Reason Confirms God is Truth

Non-believers cannot deny the world is not right, for believers it is clear this is the result of a fallen world and abortion is just one example of an upside-down culture that calls right wrong and wrong right. Human reason shows us the world was not created randomly or by chance; therefore, the human ‘cell’ did not just happen due to a big bang, unless of course God was behind it. The cell and its ability to regenerate is the deliberate result of a sovereign God for nothing happens without His ordainment, including the egg fertilization regardless of means (incest and rape). This is can be difficult to comprehend with the human finite mind. While humans cannot understand many things, there is a lot and enough we do know, “Let us make mankind in our image, in our likeness…” (Genesis 1:26) and have been mandated to continue in spreading the pattern of God’s image throughout the earth. Beginning with Adam and Eve, God instructs them of their image bearing role, to have dominion and stewardship over the earth, “…fill the earth and subdue it. Rule over the fish in the sea and the birds in the sky and over every living creature…” (Gen 2: 28 NIV). Genesis 1 and 2 record creation as “very good” 12 times that sets the stage in man living out a purposeful and meaningful life that brings glory to God.

God is Love, Love is Freedom, God is Freedom

God does not create robots, but rather creatures with a will to choose, including the ability to love or reject their Creator. The church (people, not building), also known as God’s kingdom on earth, can help to facilitate and support the necessary resources for women who seek another option to abortion. There are non-profit, non-funded establishments that do the opposite of abortion facilities. This gives women options, because as previously mentioned, economic reasons and avoiding responsibility are among the common reasons for having an abortion. Another solution can be adoption, although this may be asking too much from victims and is partly why this subject is met with such venom in the era of extreme feminism in a secular society.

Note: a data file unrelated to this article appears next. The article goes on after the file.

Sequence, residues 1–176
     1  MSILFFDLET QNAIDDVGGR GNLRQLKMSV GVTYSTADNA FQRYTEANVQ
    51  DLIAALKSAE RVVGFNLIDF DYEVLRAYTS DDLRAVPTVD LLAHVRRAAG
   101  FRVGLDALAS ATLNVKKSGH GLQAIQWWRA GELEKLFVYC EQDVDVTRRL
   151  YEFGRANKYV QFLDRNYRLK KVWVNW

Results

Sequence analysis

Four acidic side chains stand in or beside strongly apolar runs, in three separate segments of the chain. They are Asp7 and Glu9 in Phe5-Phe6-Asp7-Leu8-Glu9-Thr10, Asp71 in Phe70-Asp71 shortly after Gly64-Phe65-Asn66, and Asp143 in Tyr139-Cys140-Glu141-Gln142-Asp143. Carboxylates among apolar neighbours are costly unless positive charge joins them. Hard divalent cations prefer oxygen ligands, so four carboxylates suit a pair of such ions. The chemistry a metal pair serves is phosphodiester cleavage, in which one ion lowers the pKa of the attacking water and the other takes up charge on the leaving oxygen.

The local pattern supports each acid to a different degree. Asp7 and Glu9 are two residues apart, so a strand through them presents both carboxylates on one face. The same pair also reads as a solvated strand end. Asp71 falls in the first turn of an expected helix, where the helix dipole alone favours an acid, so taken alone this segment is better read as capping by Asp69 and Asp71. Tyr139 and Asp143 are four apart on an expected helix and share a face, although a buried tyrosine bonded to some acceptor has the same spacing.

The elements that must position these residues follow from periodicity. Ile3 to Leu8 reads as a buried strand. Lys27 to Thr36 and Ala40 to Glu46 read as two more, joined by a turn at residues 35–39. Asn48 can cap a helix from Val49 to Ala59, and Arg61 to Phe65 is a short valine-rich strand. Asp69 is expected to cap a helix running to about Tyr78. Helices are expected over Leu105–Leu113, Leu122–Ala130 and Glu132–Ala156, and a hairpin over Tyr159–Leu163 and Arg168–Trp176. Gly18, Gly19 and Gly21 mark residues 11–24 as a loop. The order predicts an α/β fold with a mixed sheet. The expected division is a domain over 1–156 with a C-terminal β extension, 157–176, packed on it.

References
Collinson, S. W., (2005). Making Disciples and the Christian Faith. Evangelical Review of Theology, 29(3), 240–250. Retrieved from https://lopes.idm.oclc.org/login?url=http://search.ebscohost.com/login.aspx?direct=true&db=a9h&AN=18750450&site=ehost-live&scope=site.

Czachorowski, M., (2018). Abortion in The Universal Encyclopedia of Philosophy, volume 7. Studia Gilsoniana 7, no. 4: pages 567-578. Retrieved From http://cejsh.icm.edu.pl/cejsh/element/bwmeta1.element.desklight-d3998022-9494-40a6-bb41-9232cc491178.

Finer LB, Frohwirth LF, Dauphinee LA, Singh S, & Moore AM. (2005). Reasons U.S. women have abortions: quantitative and qualitative perspectives. Perspectives on Sexual & Reproductive Health, 37(3), 110–118. Retrieved from https://search-ebscohost-com.lopes.idm.oclc.org/login.aspx?direct=true&db=ccm&AN=106545873&site=eds-live&scope=site.

Jones, R. K., & Jerman, J., (2017). Abortion Incidence and Service Availability In the United States, 2014. Perspectives on Sexual & Reproductive Health, 49(1), 17–27. https://doi-org.lopes.idm.oclc.org/10.1363/psrh.12015.

McQuilkin, R., & Copan, P. (2014). An introduction to biblical ethics: Walking in the way of wisdom (3rd ed.). Downers Grove, IL: InterVarsity Press. ISBN-13: 9780830828180.

Mihindukulasuriya, P. (2014). How Jesus Inaugurated the Kingdom on the Cross: a Kingdom Perspective of the Atonement. Evangelical Review of Theology, 38(3), 196–213. Retrieved from https://lopes.idm.oclc.org/login?url=http://search.ebscohost.com/login.aspx?direct=true&db=rlh&AN=96993783&site=eds-live&scope=site.

Oberman, M. (2018). Motherhood, Abortion and the Medicalization of Poverty. The Journal of Law, Medicine, and Ethics 46: 665-671. doi: 10.1177/1073110518804221.

Roberts S., Avalos, L., Sinkford, D., Foster, D., (2012). Alcohol, Tobacco, and Drug Use as Reasons for Abortion. Medical Council on Alcohol and Oxford University Press Vol 47, No. 6, pp. 640-648. doi:10.1093/alcalc/ags095.